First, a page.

LONDON, July 21 – Cargoes began to clear quickly, with just 15 September-loading Angolan left the same week the programme emerged, as strong refining margins in the Atlantic Basin spurred demand.
* Just over two dozen cargoes remained available from the September programme of 50 cargoes, traders said, as demand from the east and west quickly cleared availability.
* Unipec and other Chinese buyers took a substantial portion of the programme, but buyers in Europe and the United States also bought them due to strong middle distillate margins. Diesel margins in Europe hit their highest since November 2015 on the back of strong demand, including in the export market.
* Traders said the entire Hungo and Mondo programmes had sold out, boosting differentials.
China’s Unipec purchased five cargoes, including those from ExxonMobil and Sonangol.
* Sonangol had allocated 13 cargoes to term buyers, including Sinopec, Unipec Indian Oil Corp. and P66.
* The backlog of August cargoes had whittled down to single digits as refinery enthusiasm for Nigerian grades increased on the back of stronger margins.
* Drawn-down U.S. gasoline stocks and Indian refineries that were returning from maintenance both drove buyer interest in Nigerian crude.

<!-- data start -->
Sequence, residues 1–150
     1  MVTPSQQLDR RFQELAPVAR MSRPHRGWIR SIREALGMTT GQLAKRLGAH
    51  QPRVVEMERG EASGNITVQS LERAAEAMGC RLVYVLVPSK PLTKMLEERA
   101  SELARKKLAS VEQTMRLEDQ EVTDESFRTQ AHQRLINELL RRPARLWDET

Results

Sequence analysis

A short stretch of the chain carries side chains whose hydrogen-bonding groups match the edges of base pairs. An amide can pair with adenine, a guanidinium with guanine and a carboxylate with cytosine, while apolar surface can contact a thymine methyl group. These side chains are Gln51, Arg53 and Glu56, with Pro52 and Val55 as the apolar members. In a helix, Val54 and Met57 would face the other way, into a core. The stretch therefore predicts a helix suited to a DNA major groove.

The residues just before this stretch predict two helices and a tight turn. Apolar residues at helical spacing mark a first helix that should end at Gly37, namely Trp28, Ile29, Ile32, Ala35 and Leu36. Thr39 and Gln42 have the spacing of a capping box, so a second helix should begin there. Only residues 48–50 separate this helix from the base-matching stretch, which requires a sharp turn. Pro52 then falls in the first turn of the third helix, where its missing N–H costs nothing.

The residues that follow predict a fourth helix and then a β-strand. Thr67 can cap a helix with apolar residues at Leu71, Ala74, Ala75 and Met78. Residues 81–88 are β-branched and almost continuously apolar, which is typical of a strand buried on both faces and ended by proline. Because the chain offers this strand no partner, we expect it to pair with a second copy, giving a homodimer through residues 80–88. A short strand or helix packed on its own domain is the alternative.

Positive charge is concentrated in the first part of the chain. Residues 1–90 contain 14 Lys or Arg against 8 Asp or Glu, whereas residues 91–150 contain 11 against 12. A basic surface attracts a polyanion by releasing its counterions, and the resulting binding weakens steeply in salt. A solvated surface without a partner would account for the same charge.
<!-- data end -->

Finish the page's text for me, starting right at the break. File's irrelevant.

* India’s IOC booked the FPMC C Noble and the Front Eminence to carry Agbami and Bonga to India, while Cepsa booked the Teide Spirit to carry Qua Iboe to Spain.
* Offers shot higher for many grades, with Qua Iboe offered at dated Brent +$1.30-$1.40 per barrel, and Forcados at similar levels.
* A programme for Bonny Light showed seven cargoes in September, up from five in an early plan, but still down on the month.
* Taiwan’s CPC purchased one cargo of Angola’s Cabinda from Chevron, an end-August cargo of Palanca from ENI and a Latin America crude grade.
* India’s HPCL was running a tender to buy West Africa crude that closes next week.
* OPEC oil output is set to rise by 145,000 barrels per day (bpd) this month, a company which tracks OPEC supply forecast on Friday, indicating lower compliance with a pact to reduce production.
* High profit margins and a surge in exports will keep Europe’s refineries running full tilt into the autumn, helping to eat into some of the Atlantic Basin’s excess of crude oil. (Reporting By Libby George; Editing by Elaine Hardcastle) ))